I did an astrophysics PhD (with biomedical applications) at Queen's University Belfast.
I did a stint as a Research Fellow at Queen's, developing bespoke image feature recognition software for Randox Laboratories.
This was a continuation of the biomedical applications I developed during my PhD.
I'm now working as a Data Scientist at Christies Direct, Europe's largest e-commerce retailer of pet grooming supplies.
My PhD project title was "Observations and Modelling of Intensity Time series for Biomedical and Astrophysical Applications”. A redacted version is available to read online at that link.
In my PhD I studied nanoflares which are individually low energy flare events, (around a billionth that of a larger flare) but they occur much more frequently. Theoretically, hundreds or even thousands of nanoflares could be occurring per second over an entire stellar surface. This means nanoflares are capable of being a major component of the solar energy budget and are often touted as a possible answer to the coronal heating mystery. And nanoflares are mysterious - Due to their individually low energy, they're not possible to observe directly. My work involved statistical studies of quiet stellar (and sometimes solar) data, to extract any underlying signal due to the multitude of nanoflares therein. These signals were then compared to simulations, to try and constrain the nanoflaring parameters in the sun and in other stars. I also adapted these techniques to analyse and enhance low-intensity signals for use in bio-marker imaging applications with Randox Laboratories. These techniques are explained in more detail in the publications Jess et al (2019) and Dillon et al (2020)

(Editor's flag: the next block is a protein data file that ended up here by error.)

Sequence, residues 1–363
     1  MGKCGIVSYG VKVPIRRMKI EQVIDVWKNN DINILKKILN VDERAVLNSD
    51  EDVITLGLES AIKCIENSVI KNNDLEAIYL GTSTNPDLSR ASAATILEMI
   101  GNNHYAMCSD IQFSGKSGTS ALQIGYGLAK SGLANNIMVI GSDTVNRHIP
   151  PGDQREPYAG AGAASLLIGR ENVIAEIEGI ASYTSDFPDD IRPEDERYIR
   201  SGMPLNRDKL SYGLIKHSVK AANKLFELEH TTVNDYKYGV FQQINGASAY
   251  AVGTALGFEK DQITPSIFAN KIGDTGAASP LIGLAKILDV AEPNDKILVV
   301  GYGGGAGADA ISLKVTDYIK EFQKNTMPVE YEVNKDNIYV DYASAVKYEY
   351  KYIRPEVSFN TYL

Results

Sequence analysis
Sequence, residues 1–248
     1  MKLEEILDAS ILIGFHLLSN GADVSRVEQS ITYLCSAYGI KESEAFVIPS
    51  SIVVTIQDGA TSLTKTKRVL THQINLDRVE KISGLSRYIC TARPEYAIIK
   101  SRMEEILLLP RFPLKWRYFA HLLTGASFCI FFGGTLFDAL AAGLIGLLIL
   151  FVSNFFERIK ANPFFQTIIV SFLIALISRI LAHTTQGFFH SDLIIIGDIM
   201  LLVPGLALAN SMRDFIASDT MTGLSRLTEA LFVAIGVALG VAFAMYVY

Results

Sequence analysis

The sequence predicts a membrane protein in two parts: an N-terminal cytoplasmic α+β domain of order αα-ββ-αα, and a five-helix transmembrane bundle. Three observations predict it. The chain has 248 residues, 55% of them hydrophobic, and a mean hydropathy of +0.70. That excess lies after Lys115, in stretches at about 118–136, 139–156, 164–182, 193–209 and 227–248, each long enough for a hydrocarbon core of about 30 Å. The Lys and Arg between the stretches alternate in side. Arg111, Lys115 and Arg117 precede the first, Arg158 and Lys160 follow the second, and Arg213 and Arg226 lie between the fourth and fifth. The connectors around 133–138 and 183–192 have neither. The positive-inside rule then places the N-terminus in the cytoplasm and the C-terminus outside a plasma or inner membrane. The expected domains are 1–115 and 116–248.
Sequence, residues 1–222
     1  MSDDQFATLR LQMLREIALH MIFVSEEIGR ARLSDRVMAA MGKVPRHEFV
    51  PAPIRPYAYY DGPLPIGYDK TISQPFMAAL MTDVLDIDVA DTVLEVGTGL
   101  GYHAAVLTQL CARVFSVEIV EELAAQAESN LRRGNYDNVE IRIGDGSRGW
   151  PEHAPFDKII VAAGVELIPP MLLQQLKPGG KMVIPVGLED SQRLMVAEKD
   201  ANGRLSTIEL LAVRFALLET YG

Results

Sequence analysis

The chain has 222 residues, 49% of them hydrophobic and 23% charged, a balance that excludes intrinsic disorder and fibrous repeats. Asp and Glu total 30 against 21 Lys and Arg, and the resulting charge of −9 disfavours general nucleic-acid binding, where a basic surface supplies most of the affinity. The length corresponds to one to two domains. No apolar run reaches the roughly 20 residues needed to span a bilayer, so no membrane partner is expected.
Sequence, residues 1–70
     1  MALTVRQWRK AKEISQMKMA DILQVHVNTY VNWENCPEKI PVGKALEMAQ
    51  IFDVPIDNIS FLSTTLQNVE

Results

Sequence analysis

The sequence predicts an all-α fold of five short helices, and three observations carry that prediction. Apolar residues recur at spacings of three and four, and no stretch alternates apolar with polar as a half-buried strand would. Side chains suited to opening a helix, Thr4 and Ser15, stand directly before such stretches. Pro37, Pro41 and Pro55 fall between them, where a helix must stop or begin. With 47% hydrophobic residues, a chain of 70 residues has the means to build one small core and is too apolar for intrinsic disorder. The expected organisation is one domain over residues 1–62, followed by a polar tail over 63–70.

I really enjoy getting to develop data analysis code, especially at the intersection of industrial and academic applications. I enjoy playing around with computers in my spare time, and writing bits of code to automate or speed up tasks.
Outside of work, I can usually be found reading. You can check out my goodreads to see what I've been up to.